After a couple of decades in which theoretical research reigned supreme, the restoration of empirical studies of language was furthered in the 1970s and 1980s with the inauguration of discourse studies. A landmark in this development is Strategies of Discourse Comprehension (1983), co-authored by Teun van Dijk, a linguist, and Walter Kintsch, a psychologist. A salient feature of their work is its interdisciplinary quality, requiring linguistic and computer analysis of texts, experiments in psychology laboratories, sociological field studies, and so forth. They also relied on literary scholarship, classical poetics and rhetoric, Russian formalism, and Czech structuralism, as well as sociolinguistics, ethnography, and folklore studies. All of these approaches were integrated under the umbrella of "the wide new field of cognitive science."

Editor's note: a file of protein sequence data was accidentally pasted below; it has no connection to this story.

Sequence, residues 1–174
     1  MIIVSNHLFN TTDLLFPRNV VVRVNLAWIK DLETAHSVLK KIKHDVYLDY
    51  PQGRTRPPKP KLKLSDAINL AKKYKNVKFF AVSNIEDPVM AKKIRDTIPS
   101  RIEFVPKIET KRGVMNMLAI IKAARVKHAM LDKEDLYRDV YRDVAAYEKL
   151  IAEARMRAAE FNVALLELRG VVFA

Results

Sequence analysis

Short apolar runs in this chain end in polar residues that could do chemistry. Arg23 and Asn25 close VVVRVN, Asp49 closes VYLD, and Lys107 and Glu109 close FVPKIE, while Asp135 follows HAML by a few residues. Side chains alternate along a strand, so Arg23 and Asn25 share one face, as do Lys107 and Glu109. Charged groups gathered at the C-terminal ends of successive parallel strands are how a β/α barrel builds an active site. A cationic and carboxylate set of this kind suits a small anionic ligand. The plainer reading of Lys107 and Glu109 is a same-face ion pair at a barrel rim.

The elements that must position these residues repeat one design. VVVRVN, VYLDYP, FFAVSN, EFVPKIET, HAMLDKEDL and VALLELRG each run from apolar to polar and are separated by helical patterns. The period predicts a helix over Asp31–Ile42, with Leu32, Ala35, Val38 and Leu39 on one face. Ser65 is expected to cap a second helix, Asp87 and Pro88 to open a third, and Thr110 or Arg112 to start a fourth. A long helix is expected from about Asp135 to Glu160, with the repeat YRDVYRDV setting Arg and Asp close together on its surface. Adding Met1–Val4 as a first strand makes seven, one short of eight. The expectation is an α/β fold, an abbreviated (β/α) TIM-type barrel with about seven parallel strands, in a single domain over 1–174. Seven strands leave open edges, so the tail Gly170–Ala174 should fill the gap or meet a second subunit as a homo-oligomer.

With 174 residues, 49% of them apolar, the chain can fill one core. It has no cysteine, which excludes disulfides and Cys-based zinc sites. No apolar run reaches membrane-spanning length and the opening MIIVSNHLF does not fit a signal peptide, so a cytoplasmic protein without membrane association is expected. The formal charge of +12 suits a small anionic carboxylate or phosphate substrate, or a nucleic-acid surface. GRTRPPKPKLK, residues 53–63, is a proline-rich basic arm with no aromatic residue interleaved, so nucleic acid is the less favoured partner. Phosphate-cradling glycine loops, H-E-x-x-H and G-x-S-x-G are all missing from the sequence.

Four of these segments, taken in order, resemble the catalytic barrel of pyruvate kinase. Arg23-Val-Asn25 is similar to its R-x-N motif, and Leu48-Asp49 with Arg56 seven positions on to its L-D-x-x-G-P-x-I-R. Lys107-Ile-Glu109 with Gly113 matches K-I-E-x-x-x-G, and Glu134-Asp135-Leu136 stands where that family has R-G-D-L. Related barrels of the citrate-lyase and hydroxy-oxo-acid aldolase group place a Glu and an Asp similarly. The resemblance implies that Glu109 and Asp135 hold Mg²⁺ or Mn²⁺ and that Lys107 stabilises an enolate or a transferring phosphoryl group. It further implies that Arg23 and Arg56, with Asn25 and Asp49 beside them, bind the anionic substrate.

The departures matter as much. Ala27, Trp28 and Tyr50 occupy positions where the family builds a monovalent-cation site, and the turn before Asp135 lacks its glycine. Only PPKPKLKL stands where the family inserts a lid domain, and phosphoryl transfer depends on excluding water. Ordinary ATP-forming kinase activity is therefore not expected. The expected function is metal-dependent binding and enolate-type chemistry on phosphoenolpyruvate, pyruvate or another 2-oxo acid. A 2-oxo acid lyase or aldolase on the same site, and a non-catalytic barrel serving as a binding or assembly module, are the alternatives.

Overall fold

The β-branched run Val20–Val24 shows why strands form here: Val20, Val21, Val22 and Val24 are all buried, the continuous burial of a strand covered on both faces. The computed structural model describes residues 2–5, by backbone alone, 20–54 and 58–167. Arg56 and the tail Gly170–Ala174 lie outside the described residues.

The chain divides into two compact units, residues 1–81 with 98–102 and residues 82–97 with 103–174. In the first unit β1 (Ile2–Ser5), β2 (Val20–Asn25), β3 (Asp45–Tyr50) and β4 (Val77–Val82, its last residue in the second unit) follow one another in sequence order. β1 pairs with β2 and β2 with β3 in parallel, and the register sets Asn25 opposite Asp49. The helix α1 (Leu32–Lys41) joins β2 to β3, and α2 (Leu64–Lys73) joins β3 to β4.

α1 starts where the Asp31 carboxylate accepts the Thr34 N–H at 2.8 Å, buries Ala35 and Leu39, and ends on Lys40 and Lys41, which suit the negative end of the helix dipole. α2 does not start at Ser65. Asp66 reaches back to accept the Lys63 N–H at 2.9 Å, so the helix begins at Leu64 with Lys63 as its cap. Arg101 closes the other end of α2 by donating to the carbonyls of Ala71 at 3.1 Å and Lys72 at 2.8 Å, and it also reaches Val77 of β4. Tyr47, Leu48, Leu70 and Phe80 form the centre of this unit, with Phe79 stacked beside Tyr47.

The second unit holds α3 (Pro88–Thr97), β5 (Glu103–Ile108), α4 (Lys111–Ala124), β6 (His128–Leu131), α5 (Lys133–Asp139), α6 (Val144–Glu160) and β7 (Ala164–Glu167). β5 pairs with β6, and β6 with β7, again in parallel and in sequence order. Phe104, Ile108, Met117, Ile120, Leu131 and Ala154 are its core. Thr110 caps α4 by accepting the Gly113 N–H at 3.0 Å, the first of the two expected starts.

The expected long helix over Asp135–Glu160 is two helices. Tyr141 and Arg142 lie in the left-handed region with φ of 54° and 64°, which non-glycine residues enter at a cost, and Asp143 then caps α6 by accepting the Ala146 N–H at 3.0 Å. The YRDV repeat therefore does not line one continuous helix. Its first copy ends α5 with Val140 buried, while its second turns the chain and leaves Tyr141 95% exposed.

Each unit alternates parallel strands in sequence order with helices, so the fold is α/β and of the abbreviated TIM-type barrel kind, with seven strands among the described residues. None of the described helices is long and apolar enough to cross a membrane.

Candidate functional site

A linguistic loner who has had a remarkable impact on the classification of languages is Joseph H. Greenberg (1915–2001). Greenberg started out as a language typologist. Language typology identifies ideal types (for example, agglutinative, [in]flectional, isolating, etc., but there are, of course, many other characteristics that must be taken into account) and proceeds to group individual languages under these categories. Greenberg's fame rests in part on his seminal contributions to synchronic linguistics and his indefatigable quest to identify language universals. His typological approach contrasts with that of genetic classification, which is premised on delineating the development of languages from older precursors. Greenberg was always collecting data, which he copied down in countless notebooks. Known as a "lumper" (as opposed to a "splitter") par excellence, in 1955 Greenberg reduced more than 1,500 African languages to just four supergroups. Later he would ascribe all of the indigenous languages of the Americas to just three main waves of migrants, whereas they had formerly been grouped into hundreds of families. Greenberg achieved these nearly miraculous feats through the application of what he styled mass lexical comparison or multilateral comparison. Mainstream linguists were outraged, with one of the most distinguished among them publicly calling for Greenberg to be "shouted down." At stake were sacrosanct issues of methodology relating to phonology, etymology, and other vital components of linguistics. Undaunted, Greenberg dedicated the last years of his life to the study of Eurasiatic, which brought together all of the languages of Europe and Asia (and then some—except isolates) and was similar to earlier proposals for Nostratic, minus certain African languages.